“Maddocks Systems avoids these projects because our clients don’t benefit from one-off development projects that our company now needs to support,” says Neal Cranna, the company’s marketing manager. “Our focus is to create new products or enhancements based on the feedback from clients, and then make these available for use in our standard release.”
Most trucking companies have a small IT staff that is used to seeing only one way of doing things, and therefore often has tunnel vision when developing custom applications.
“We get to see trucking from all different angles,” says Tom McLeod, president of McLeod Software. “The product, over time, reflects the best practices in the industry. That is as big as any incentive to get onboard with a package developed by a central group.”
Hedging its development bets
The costs of researching, developing, testing and supporting an “in-house” enterprise software system add up quickly – as management at O&S Trucking can attest. In the early 1990s, the Springfield, Mo.-based company developed its own enterprise software system “out of necessity,” says Rick Johnson, chief operating officer.
The original version, which ran on a Unix mainframe, became increasingly expensive to maintain compared to newer Windows platforms. So in 1998 management decided to rewrite its software system for the 150-truck fleet, but O&S Trucking was not the only fleet they had in mind.
To recover its development costs, O&S Trucking offered its new Windows-based program, which could run on a server priced as low as $2,000, to other carriers. One of the early challenges was that some carriers were nervous about buying software from another trucking company, Johnson says. So management decided to spin off a separate business entity called Show-Me Software.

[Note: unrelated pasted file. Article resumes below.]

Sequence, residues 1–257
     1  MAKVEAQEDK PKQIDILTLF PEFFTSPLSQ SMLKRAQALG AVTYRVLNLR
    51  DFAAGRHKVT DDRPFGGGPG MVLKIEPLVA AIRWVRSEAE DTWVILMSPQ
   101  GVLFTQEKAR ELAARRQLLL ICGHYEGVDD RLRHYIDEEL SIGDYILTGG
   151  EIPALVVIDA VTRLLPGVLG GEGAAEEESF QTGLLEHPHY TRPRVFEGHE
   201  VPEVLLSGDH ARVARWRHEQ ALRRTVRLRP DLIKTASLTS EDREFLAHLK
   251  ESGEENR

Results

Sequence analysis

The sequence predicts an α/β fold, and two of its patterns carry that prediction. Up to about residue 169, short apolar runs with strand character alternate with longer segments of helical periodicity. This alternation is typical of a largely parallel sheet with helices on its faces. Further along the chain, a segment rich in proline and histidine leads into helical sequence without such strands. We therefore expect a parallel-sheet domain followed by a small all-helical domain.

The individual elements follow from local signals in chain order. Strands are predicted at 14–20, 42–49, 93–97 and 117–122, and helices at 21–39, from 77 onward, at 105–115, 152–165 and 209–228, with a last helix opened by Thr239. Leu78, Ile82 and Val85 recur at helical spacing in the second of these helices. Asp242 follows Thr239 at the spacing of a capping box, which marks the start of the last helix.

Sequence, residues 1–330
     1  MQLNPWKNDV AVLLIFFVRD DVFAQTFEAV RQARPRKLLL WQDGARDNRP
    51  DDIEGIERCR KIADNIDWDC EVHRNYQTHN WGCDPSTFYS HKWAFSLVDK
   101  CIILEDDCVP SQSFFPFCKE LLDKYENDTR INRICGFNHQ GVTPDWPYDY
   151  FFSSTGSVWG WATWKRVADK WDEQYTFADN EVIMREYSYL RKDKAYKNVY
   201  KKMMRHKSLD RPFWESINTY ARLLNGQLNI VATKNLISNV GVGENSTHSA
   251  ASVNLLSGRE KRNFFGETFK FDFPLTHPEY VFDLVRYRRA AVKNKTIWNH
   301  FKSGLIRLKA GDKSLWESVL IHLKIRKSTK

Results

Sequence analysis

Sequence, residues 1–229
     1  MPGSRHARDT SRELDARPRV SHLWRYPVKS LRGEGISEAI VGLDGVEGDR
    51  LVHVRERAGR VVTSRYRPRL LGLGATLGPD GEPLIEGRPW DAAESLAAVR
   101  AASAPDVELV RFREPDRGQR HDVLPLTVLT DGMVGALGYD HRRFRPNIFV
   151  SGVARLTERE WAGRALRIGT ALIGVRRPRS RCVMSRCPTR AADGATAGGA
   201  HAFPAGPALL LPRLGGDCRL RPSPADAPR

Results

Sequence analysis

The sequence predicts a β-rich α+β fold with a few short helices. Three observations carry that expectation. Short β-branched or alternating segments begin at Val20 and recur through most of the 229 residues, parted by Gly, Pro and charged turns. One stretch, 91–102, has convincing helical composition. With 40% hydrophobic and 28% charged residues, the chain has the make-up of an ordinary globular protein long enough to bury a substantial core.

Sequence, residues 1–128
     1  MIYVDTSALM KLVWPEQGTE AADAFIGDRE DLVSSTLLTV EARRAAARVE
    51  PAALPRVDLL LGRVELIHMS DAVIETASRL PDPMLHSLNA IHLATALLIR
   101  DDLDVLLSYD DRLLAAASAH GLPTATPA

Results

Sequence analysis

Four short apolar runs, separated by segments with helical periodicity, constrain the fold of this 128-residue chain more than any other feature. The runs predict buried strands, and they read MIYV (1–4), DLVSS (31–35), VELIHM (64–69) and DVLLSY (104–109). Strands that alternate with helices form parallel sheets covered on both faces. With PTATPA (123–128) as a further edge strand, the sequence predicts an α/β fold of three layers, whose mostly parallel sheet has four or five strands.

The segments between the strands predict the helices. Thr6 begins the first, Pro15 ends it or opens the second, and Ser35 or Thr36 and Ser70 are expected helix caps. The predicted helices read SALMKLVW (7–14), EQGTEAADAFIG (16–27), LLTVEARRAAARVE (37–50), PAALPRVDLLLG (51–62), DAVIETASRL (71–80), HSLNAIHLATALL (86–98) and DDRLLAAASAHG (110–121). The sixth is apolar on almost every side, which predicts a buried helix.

Soon after creating Show-Me Software, the programmers began developing a larger and more robust “Level 2” software for O&S Trucking that would be capable of running any trucking company in the nation up to 1,000 trucks and multiple operations, including brokerage and less-than-truckload.
“In 2005, we process 355 trucks off of that PC server, and the speed is faster than a mainframe,” Johnson says. The Level 2 version was developed, but not sold, until O&S Trucking merged Show-Me Software back into the corporation after O&S Trucking considered selling out to another software provider but decided against it.
“If they bought Show-Me Software, there goes our ability to develop our own software,” Johnson says. “We didn’t spend 15 years developing it to sell to someone else and then pay for our own program.”
Show-Me Software now operates as a separate internal company within O&S Trucking Inc. About 110 fleets use its Level 1 software, and about 8 fleets use the Level 2 platform, Johnson says. “We are the research and development arm for Show-Me software,” he says. “And we are the test environment.”
An advantage for bringing the software back “in house” is that the company can offer on-site training to new and prospective customers, Johnson says.
“We encourage customers to come here and see it in a live environment,” he says. “They can sit down with a fleet manager, billing or accounts payable clerks to see it in action with live, current data. The only cost of training is their travel expenses to our headquarters.”
The company has office space where its software customers can run their business until they are trained with the software. Customers that use the larger version get a seat on the product steering committee, and all customers get the benefit of getting new updates and changes for free.
“We don’t want to develop as specific to us,” Johnson says. As for the return on investment of developing their own software system in conjunction with other fleets, company management is not expecting to turn a profit. “We have a huge R&D expense, but our goal is to break even.”